See an update about this project here.

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Projects that are Now Self-Sustaining

Golden Langur Conservation


In 1997, Community Conservation initiated The Golden Langur Conservation Project to protect the golden langur within its Indian range. CC partnered with Nature’s Foster and Green Forest Conservation to work to protect habit for this endangered species.  Each of the organizations focuses on sections of the golden langur range and on specific aspects of conservation of habitat, while all working closely with the villages within their focal areas.

The golden langur is endemic to western Assam and southern Bhutan, meaning it exists nowhere else in the world. Having lost much of its habitat due to deforestation and other types of habit destruction, the primary area where the golden langur still exists is within the Manas Biosphere Reserve.  This important reserve lies in lies in the western region of the state of Assam.

The forests of the Manas Biosphere Reserve have been threatened by illegal logging since the early 1990s. But now, local people are working as forest guards and are integral in protecting the habitat.

Watch a video summary of the Golden Langur Conservation Project here.

Tree Kangaroo Conservation Program


The Tree Kangaroo Conservation Program (TKCP) was started in 1996 by Dr. Lisa Dabek as part of her graduate research project on Matschies’s Tree Kangaroo. Dr. Rob Horwich met Dr. Lisa Dabek at a conference in 2001 and began a three year partnership (2001-2004). Dr. Horwich and Community Conservation researched legal mechanisms for conservation and interviewed other organizations about their conservation approaches. The underlying goal was to empower landowners to make informed decisions about the type of conservation practices and areas they wish to establish. This allowed TKCP to support local communities in the conservation of tree kangaroo habitat and develop initiatives focused on community health, livelihood, and education.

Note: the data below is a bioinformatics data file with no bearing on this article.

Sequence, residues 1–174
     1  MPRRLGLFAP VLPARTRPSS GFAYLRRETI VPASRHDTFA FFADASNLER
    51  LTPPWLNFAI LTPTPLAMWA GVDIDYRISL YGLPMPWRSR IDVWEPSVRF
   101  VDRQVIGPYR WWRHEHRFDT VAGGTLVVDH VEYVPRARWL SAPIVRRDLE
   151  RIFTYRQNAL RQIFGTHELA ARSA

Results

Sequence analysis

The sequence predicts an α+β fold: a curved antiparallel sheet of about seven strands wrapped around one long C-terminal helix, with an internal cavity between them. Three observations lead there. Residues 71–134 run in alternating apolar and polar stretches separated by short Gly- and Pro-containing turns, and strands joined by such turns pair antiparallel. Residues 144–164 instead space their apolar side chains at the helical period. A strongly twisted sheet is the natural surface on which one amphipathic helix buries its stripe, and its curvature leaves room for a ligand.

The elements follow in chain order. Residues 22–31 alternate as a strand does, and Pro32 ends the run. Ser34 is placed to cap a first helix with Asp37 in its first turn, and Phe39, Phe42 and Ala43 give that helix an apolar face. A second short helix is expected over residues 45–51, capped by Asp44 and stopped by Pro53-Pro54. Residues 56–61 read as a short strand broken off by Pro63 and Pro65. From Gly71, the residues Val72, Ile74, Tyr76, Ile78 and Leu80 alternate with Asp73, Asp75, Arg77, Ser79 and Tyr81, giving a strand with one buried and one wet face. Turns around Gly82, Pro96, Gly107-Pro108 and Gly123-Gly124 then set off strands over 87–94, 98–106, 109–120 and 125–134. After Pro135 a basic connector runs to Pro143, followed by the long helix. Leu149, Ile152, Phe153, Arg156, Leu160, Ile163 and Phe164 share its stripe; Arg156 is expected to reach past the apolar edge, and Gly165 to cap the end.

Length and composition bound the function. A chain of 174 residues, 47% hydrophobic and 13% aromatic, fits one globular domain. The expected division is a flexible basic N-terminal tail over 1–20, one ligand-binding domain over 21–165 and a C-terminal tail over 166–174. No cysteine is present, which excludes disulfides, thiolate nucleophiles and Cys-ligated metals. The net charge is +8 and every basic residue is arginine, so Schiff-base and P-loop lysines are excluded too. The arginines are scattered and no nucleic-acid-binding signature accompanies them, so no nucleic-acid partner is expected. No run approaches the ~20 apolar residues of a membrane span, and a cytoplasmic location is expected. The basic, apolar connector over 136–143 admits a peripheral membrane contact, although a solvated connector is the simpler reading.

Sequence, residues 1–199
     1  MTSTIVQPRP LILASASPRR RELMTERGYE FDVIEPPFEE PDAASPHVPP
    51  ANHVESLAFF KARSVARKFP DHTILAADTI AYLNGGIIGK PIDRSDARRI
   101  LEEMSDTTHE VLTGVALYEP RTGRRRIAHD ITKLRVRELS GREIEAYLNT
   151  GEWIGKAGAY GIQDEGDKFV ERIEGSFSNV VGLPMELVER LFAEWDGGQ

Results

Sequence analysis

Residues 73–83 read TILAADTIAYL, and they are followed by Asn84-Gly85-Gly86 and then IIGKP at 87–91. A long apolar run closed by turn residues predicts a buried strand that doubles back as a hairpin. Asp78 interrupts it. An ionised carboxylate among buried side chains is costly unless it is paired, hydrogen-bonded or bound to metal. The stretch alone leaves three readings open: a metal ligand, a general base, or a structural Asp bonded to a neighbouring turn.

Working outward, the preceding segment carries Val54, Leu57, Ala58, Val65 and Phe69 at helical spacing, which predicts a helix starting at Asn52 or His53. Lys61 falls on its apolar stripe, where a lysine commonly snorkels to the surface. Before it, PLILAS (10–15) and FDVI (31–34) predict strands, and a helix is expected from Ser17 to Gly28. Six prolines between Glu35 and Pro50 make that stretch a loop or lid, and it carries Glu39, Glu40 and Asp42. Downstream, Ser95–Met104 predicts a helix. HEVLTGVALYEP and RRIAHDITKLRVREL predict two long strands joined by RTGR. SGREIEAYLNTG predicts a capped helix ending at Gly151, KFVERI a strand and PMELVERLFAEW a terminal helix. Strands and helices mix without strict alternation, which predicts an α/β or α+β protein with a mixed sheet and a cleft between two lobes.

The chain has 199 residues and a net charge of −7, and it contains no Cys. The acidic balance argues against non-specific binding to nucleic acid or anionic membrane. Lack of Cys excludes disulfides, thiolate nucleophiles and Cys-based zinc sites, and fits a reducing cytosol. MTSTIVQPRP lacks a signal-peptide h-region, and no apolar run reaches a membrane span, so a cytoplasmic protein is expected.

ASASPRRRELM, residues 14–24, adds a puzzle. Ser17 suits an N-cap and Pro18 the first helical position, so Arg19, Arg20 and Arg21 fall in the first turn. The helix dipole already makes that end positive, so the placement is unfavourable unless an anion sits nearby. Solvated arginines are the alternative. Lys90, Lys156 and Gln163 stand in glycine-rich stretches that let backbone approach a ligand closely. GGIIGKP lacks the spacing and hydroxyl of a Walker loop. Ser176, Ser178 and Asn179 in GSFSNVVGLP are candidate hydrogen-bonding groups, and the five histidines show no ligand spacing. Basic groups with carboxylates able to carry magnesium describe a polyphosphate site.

TKCP is still very active and continues to collaborate with local communities to protect the forests of the Huon Peninsula for the benefit of the Matschie’s Tree Kangaroo and local communities.

Primate Habitat Conservation

Location: Huallaga-Maranon, Peru
Target Species: Yellow-tailed Wooly Monkey, San Martin Titi Monkey, Peruvian Night Monkey
Status: Established (Sustained by Local Leaders)

Community Conservation’s work in Peru to protect habitat of the yellow-tailed woolly monkey (Oreonax flavicauda) is directly tied to our relationship with Neotropical Primate Conservation (NPC), an extremely effective group that has been working in the Peruvian rain forest for over 15 years. Through our partnership with NPC, we have worked to create forest reserves managed by the local farmers.  Community Conservation helped NPC to expand the project into 8 additional local communities to create a network of community-run conservation reserves. These reserves lie within the Huallaga-Marañon landscape, a region of primate endemism somewhat isolated by the Huallaga and Marañon Rivers, which covers over 70,000 hectares. The original project activities focused on the protection of the yellow-tailed woolly monkey have expanded, because of their successful outcomes, and now also focus on the San Martin Titi monkey (Callicebus oenanthe) and the Peruvian night monkey (Aotus miconax). The project aims to encourage communities to get governmental recognition to create protected areas to connect landscapes.